Over the past year I have argued an overly tight US monetary policy caused the long end of the bond market to rally. I know it is not nearly this simple, but sometimes it is helpful to step back and look at the big picture. Assuming sovereign default is taken off the table, what is a bond investor’s worst fear? Inflation. And what creates inflation? A Central Bank that has monetary policy set too loose. Therefore when the long end of the bond market was rallying, it was because the Federal Reserve was too tight. There are obviously many more moving parts, but combine a rising US dollar with falling long term yields, and it is clear to me that over the past couple of years, Yellen & Co. were too aggressive in their attempts to normalize policy.

I am in the minority with this line of reasoning. Most market pundits believe the Fed’s failure to raise rates caused the long end of the bond market to rally (as opposed to my view that the Fed was tightening too quickly - see ‘Stan the Man’). Although I can understand why they might feel this way, if an investor believes a Central Bank to be easing too aggressively, it should actually cause the exact opposite behaviour.

Have a look at US 10 year yields during the period of Quantitative Easing:

Contrary to common wisdom, QE programs caused long term yields to rise. And yields fell once the QE programs were terminated.

So it was no surprise to me that after Yellen’s extremely dovish speech on Friday, 30 year yields exploded higher, while short term yields fell or held steady.

If Yellen leaves rates “lower for longer,” this means that there is an increased chance of inflation getting away, and long bonds are therefore significantly less attractive.

I have long waited for the Federal Reserve to realize their hawkish rhetoric is one of the greatest impediments to creating a self reinforcing virtuous loop. The world economy is balance sheet constrained. With a Federal Reserve itching to raise rates at every minor economic uptick, the private and public sector have had little concern about inflation taking off, so they have had no incentive to do anything except repair over indebted balance sheets. Instead of credit being created, it is destroyed as everyone tries to pay back debt at the same time. Given an overly eager Federal Reserve, market participants realize inflation will not take off, and therefore do the opposite of what the Fed wants. Instead of expanding credit, the velocity of money continually declines as there is no incentive to borrow. Economic participants realize that with the Fed leaning on the brake, there is zero chance inflation will hurt them. The huge level of indebtedness has changed the way the economy behaves.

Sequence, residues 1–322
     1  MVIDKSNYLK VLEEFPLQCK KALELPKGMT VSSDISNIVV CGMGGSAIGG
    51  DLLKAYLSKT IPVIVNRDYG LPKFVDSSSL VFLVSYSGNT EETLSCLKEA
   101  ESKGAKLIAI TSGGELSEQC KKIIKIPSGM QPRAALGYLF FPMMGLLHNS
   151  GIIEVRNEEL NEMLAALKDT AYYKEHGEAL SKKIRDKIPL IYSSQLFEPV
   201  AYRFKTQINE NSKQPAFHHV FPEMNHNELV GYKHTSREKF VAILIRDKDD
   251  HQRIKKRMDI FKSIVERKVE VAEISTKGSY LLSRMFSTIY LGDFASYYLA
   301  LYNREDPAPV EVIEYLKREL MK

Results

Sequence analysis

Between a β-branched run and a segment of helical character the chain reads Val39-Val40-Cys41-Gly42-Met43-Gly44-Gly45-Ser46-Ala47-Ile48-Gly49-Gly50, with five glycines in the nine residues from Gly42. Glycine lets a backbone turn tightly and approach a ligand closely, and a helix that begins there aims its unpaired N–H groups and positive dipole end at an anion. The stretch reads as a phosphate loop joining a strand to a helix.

If you accept the only way out of this debt mire is for it to be inflated away in the tried and true method of many millenniums, then it is imperative that the world’s reserve currency Central Bank changes its behaviour. And this is why Janet Yellen’s speech was so important.

Friday’s speech marks an acceptance of this realization. Uber doves like Larry Summers have long held this view, but until now, the Federal Reserve refused to climb aboard. The Fed has been strangely obsessed with normalizing rates.

Now some of you will cry out that this change in policy is a terrible development. It will cause inflation! It will debase the value of the US dollar! To this I answer; of course it will! That’s the whole point.

There is too much debt in the world and the only way out of this mess is for it to be inflated away. And even if you think there is an alternative solution, it doesn’t really matter as inflation is the most politically acceptable way to accomplish the needed debt reset. There is no real point in complaining about it. Better to just accept it and model your trading account accordingly.

I don’t think the Federal Reserve will back away from their signaled December hike. They will lose too much credibility (which is already dangerously low). Instead I think they will raise in December and indicate they will be on hold for quite some time. Not only that, but I suspect they will once again change the goal posts for further tightening.

Given Yellen’s change in tone I am re-evaluating my belief the US dollar will rally into the December hike. I had also recently flipped back to bullish on the precious metals, but this new development is making me consider being even more aggressively long. Finally, although some will view “lower for longer” as bond friendly, I don’t subscribe to that notion. I accept that buying the front end while shorting the long end makes sense, but overall, Yellen has probably ushered in the next great bond bear market.

Yellen has finally become the dove all the hard money guys have feared, I am positioning accordingly.

Thanks for reading,
Kevin Muir
the MacroTourist